Web suicide spurs concerns over online communities

(Credit: Urbanite)

By Emily Ngo

The very public Internet suicide of 19-year-old Abraham Biggs has renewed debate over the growing dependency on virtual communities and whether regulations are needed to monitor Web content.

“It’s very, very sad that he felt the only people he could talk to were people who were strangers to him,” said Elayne Rapping, a pop culture analyst at SUNY Buffalo. She argued yesterday that some troubled teens are blurring the distinction between the real world and an Internet world.

“Young people assume that they have real communities online, but it’s hundreds of friends they’ve never met,” Rapping said. “There’s something very alienating about that.”

Many feared the Miami teenager’s fatal drug overdose would generate “copycats.”

“If you look at some of the school shootings, there’s usually some type of chatter online,” said Manhattan-based psychotherapist Jonathan Alpert. “People are using the Internet as a way to spread the message and orchestrating.”Meanwhile, attorneys said a negligence lawsuit is unlikely without proof that administrators at Justin.tv, where Biggs posted a link from bodybuilding.com and sent broadcasts of himself in the hours before his fatal drug overdose Wednesday, knew what was happening and had the means to intervene.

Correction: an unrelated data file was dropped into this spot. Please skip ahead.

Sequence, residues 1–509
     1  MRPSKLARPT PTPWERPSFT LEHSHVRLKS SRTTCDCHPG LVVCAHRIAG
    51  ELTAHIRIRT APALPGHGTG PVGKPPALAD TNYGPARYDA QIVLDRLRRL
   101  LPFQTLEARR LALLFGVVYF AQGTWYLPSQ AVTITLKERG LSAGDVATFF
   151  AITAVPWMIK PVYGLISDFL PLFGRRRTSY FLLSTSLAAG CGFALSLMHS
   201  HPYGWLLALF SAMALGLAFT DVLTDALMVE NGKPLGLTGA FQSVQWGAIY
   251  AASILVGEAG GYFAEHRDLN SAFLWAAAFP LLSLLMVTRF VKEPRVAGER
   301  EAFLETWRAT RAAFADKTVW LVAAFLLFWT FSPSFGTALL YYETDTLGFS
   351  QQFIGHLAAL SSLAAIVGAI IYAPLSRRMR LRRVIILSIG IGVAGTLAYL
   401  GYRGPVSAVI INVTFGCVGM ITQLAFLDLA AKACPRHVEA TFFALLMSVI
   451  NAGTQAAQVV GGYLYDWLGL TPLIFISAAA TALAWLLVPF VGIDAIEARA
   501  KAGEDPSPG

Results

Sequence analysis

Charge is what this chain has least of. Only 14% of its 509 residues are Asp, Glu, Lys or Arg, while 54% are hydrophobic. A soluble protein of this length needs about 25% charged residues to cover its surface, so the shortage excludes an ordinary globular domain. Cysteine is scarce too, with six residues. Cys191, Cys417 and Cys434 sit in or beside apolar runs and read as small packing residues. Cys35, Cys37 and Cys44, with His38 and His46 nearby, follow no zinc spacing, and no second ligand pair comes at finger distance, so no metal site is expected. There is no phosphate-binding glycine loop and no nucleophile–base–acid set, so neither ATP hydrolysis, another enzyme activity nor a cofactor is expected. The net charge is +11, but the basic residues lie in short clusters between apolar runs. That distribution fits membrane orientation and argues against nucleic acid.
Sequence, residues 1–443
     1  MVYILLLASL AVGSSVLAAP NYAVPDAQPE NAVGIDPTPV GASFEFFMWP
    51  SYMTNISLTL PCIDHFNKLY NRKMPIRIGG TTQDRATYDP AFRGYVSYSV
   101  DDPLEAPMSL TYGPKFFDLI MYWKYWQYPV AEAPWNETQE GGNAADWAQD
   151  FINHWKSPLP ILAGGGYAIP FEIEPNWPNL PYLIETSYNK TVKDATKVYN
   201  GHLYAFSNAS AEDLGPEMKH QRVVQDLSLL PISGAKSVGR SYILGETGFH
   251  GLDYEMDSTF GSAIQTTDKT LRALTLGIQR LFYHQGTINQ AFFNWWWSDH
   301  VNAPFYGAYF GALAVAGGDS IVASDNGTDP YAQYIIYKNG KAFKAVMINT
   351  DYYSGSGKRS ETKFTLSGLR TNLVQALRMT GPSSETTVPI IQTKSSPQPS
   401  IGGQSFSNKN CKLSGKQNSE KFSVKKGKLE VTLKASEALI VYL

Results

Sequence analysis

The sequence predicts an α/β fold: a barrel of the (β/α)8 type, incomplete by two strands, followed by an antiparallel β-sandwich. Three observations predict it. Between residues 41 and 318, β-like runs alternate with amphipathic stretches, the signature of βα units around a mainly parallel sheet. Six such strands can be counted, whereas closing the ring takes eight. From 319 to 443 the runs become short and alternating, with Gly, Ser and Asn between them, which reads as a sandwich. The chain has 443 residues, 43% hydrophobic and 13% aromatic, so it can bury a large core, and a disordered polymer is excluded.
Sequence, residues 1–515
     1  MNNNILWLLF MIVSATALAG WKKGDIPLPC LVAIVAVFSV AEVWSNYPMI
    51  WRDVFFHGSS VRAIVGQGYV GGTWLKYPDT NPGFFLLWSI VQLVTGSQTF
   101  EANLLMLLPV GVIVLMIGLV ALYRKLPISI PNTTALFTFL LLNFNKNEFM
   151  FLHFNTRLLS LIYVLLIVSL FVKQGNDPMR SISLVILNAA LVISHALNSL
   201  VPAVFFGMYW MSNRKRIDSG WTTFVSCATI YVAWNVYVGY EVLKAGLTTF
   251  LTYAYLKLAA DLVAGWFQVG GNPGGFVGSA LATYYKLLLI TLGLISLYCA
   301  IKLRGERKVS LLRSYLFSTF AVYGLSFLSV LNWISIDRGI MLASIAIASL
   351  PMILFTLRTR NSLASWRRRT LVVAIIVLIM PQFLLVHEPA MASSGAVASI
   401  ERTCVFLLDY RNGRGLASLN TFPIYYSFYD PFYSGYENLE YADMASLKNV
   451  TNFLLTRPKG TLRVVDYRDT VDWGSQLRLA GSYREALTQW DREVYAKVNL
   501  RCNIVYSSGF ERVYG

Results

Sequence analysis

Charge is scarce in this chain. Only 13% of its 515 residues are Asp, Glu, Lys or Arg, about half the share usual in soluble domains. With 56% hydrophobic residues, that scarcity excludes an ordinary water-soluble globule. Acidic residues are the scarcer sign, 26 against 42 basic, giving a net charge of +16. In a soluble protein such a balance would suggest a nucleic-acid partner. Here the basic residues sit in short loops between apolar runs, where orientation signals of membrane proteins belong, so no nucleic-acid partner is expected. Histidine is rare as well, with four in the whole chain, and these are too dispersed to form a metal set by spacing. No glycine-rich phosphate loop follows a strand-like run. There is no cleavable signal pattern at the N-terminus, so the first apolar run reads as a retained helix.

The possibility of censorship, however, seemed daunting with millions of live-streaming videos being uploaded nationwide, experts agreed.

“It’s not like someone who goes on the Internet and commits suicide is worried about being prosecuted,” pointed out Syracuse University pop culture professor Robert Thompson.

Bloggers yesterday rallied against Internet regulation while giving their condolences to Biggs’ family.

“Internet has absolutely everything that the real world has — both the good and the bad aspects,” wrote Svetlana Gladkova, on profy.com, “but hoping that disabling the tools that make some of the events possible will prevent them from happening will hardly help anyone.”

“May his Father and Family have the peace they need in this devastating time,” said Peter Carlock, on opntalk.blogspot.com. “However, having said all that, the Fathers anger is misplaced. His call for censorship is false. There is NO ONE to blame but his Son. Period.”

Thompson emphasized there have, in the past, been suicidal people egged on by onlookers: “The only difference here is that it was done on the Internet and not on a ledge.”

Tags: viral video

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